Highlands Ranch chamber changes direction again
Marsik resigning after one year as president
After increasing membership by 21 percent and placing the Highlands Ranch Chamber of Commerce on unprecedentedly strong financial footing in less than one year as president, LaRae Marsik has turned in her resignation.
She isn’t leaving without some murk in the waters, however, and an apparent impasse between her and the board points to Marsik being forced out.
Marsik, who will depart the chamber Aug. 31, reacted to that suggestion, stating that as president of the organization she serves “at the will of the board.” The resignation was a “mutual decision,” and the two parties had reached a crossroads, she said.
“LaRae really worked with the members to find out what their needs were; brought new members into the chamber to make sure we were reaching out for our vision; looked at the retention of members. I thought she was doing a good job, she just wasn’t the right fit with the board at this time,” said board president Melanie Worley.
Worley wouldn’t elaborate on the details of why the fit was not right, calling it a “personnel matter,” but said, “as far as what we are looking at with the interaction with our members, we are looking for a different fit. ... Our visions were not far off.”
“It’s been a hell of a year,” Marsik said. “At some point in time as organizations evolve, priorities shift. We’ve put in a very solid framework to move in whatever direction the board now selects. ... I’m proud of the work that we accomplished.”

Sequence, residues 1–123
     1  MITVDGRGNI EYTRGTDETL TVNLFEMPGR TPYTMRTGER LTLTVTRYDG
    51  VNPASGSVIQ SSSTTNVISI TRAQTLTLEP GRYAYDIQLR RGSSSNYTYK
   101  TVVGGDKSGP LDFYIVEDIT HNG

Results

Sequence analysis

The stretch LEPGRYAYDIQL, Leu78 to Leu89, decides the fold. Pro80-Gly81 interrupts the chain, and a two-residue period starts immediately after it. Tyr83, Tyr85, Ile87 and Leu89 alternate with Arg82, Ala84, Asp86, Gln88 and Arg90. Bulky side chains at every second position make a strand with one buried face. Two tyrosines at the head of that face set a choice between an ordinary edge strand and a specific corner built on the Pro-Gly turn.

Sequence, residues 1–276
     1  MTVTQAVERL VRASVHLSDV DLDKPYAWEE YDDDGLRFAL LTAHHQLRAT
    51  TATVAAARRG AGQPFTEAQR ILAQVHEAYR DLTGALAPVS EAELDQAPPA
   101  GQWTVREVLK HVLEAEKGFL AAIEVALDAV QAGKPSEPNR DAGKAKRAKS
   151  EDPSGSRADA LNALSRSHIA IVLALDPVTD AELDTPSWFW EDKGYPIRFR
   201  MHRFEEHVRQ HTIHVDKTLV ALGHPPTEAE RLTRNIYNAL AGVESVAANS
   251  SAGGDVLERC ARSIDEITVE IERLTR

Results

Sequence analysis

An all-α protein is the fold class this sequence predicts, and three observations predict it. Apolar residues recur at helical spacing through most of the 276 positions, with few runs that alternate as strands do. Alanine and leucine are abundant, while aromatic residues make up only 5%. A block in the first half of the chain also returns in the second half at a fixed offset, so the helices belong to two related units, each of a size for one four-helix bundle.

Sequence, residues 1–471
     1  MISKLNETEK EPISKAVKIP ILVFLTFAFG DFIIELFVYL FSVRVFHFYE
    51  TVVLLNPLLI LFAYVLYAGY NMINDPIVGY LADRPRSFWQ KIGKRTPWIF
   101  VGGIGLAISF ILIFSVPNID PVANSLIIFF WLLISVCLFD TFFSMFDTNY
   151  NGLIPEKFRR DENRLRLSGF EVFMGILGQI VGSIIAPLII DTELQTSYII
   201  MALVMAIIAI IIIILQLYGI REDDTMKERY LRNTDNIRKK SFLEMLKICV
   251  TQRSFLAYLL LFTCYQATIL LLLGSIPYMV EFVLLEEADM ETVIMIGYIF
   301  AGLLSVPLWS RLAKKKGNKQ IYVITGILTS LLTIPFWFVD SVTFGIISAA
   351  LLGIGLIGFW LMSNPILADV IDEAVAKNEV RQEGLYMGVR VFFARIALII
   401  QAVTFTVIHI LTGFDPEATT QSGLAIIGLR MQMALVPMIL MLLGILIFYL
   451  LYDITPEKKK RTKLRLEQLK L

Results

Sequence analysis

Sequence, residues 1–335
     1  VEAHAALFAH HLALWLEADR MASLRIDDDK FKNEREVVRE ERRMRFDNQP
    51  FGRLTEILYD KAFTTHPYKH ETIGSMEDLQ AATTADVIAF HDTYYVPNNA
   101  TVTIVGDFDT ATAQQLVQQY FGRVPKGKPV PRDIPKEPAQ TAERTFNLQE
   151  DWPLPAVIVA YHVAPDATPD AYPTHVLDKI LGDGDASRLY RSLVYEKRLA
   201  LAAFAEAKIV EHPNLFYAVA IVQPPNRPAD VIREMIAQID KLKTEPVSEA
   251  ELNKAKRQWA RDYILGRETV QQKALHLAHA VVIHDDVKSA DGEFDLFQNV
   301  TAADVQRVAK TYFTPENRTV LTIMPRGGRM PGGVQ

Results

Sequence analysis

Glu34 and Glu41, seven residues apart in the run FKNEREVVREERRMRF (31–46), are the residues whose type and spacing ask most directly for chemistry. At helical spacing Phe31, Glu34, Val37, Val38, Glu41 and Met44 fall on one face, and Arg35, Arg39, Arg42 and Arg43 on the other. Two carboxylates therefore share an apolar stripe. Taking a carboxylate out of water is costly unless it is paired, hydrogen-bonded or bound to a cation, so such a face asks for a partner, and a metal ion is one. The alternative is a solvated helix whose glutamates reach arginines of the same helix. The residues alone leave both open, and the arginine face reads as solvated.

In her short time at the helm, Marsik was responsible for launching an online employment center, helping to develop a mobile app for the chamber, implementing the organization’s first business technology forum and creating a business education team that delves into the day-to-day business operation needs of the area.
“We came to a point where we built a huge amount of very strong momentum that many of our members have been a very excited part of,” Marsik said. “My hope moving forward is that the board can recognize that and can find a way to harness that momentum for the next phase of the chamber’s development.”
That next phase will be happening without a few of its members. Since the July 30 announcement from Marsik, former Chairman’s Circle partner and longtime member The Law Center, as well as newer member Great Play Gym, have both announced that they will let their memberships expire the same day Marsik steps down.
“I think what you saw here is a small group of people accustomed to using the chamber for their own purposes, to provide perks to them, and LaRae came in and turned that all upside down. It’s really a loss for the community,” said Robert Wareham, shareholder at the Law Center.
Wareham, who co-chaired the search committee that selected Marsik, said it is likely to be extremely difficult to find a new leader as qualified as she was.
“From where I sit, any capable executive that interviews for that job, their first question has to be, ‘Will the board leave me alone and let me do my job?’ After the way they treated LaRae I don’t know how they attract somebody good,” he said.
Worley said she has heard from a handful of interested applicants already, and a couple of them have submitted resumes to the board, including one of the finalists from last summer’s search. As far as retaining membership through the transition, she said the reactions by some are to be expected.
“I think in the beginning there is always a reaction when change first occurs,” she said. “The board, of course, will work really hard with the members that may be resistant to change to reassure them that the vision of the chamber really hasn’t changed. We’ll go back to those members who may be leaving and reaffirm with them and try to change their minds. We’ll work just as hard for them as we always have.”